In his final definition of music—”sounds heard”—John Cage put the responsibility for the existence of a musical experience not on composers or interpreters, but on the audience. But Cage’s elevation of the listener to a primary position of musical power above and beyond the people on stage or in the studio has taken on perhaps many unintentional ironies, particularly now that we live in a world with buzzwords like “audience friendly” and where musicians have even been castigated for discouraging the use of mobile recorders at concerts. However, if indeed music results more from the audience than the folks supplying what the audience is listening to, what should the role of the audience be and what rights does an audience have?
Last week I finally caught up with audiophile Steve Guttenberg’s provocative essay, “Why can’t you listen to music?” for the CNET Blog Network. Guttenberg laments that we’ve become so attached to multitasking, as well as using music as a personal soundtrack to block out other information as we go about our lives, that focused listening (an activity that can only occur while doing nothing else) is becoming a lost skill. I got so worked up reading this that I tweeted about it—yeah, I got sucked in, too—which soon prompted a retort from pianist Bruce Brubaker: “What? You mean music can be useful in differing ways to various people?” But I needed a lot more than 140 characters to respond to that, so here goes.
To this day I can’t bring myself to walk around with earbuds in my head. Either the music is too much of a distraction from paying attention to traffic lights, etc. or the quotidian chores that occur going about one’s day are too much of a distraction for a fulfilling listening experience. And there are things I could never do while listening to music, such as reading a book, an activity which should be equally engrossing. But I confess that I do listen to music at home while engaged in certain other less intellectually taxing activities—e.g. frequently while dressing or doing household chores, often during meals, and sometimes while washing dishes. There’s just too much stuff I want to hear and otherwise I wouldn’t have enough time to listen to all of it.
Yet listening has remained just about the most important thing I can think of doing. In fact, I spend way more time listening to music than composing or performing it. And while I frequently feel enormously frustrated that I have so little time these days for fleshing out my own compositional ideas, I would not want to skew the equation in the other direction. I would probably never perform or create anything of my own at all if not spurred on by engaged listening to what other people have done. Not that I’m looking for models to emulate, but rather the actual process of listening is powerful creative fuel. I’ve long believed that if we could harness that fuel more effectively in our society, the world would be a better place. A world where people are unable to listen to each other is a dangerous world indeed. Sadly, it is a world we all too frequently inhabit.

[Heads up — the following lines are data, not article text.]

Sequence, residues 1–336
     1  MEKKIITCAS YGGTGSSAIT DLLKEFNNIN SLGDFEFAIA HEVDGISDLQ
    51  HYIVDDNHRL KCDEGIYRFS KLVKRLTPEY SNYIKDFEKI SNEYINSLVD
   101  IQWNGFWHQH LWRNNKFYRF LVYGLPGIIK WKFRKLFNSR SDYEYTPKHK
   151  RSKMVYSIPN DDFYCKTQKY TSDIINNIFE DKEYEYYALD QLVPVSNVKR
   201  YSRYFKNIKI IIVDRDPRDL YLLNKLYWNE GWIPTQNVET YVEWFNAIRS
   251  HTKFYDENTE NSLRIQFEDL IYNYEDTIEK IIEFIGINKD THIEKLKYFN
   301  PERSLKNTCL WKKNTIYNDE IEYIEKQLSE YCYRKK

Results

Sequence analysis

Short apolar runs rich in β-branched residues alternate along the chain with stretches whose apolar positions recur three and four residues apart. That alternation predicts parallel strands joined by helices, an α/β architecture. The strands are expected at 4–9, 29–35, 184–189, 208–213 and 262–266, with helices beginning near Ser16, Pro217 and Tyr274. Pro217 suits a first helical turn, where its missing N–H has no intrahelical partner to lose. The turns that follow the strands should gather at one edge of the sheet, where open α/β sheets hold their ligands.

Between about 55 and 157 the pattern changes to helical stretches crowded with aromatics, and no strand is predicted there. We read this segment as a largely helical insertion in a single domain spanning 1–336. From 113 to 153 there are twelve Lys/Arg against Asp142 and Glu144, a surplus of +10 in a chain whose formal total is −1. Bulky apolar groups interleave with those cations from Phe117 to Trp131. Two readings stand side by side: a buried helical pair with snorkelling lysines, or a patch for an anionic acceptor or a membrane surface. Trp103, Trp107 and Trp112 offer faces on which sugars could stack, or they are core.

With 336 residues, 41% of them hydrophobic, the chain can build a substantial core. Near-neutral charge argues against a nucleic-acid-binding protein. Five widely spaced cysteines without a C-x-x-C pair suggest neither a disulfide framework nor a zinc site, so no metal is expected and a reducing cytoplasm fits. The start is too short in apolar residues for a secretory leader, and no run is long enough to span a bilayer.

So back to those questions: what should the role of the audience be and what rights does an audience have? As a composer, I am usually quite flexible with how interpreters perform what I’ve written and I am so happy that people show up to performances when they occur. As a listener, however, I strive to totally submit to what I’m hearing—without intrusion and without personal judgment. I don’t always succeed, but I try.
While Cage gave audiences the deciding role in what constitutes music by declaring it to be “sounds heard,” he also created unprecedented challenges for listeners. Cage perhaps most famously asked people to listen to whatever sound occurs during a 4’33” timespan in which no sound is intentionally made by interpreters. But he also subjected listeners on multiple occasions to the full audio spectrum, from the most ravishingly beautiful sonorities to the most horrific shrieks, as well as long stretches of seeming stasis that some people continue to find relentlessly tedious. In response, he famously quipped, “If something is boring after two minutes, try it for four. If still boring, then eight. Then sixteen. Then thirty-two. Eventually one discovers that it is not boring at all.”
I would argue that paying attention to others rather than yourself, which focused listening makes possible, is music’s ultimate use. And if music exists in your life solely as an accompaniment for other activities, then you are not really listening to it. Indeed, if these sounds are not really heard, they are not really music. The role of the audience must be to make the experience of listening to sound into music, and the audience has the right to be able to listen unencumbered by experiences that distract from doing that and only that.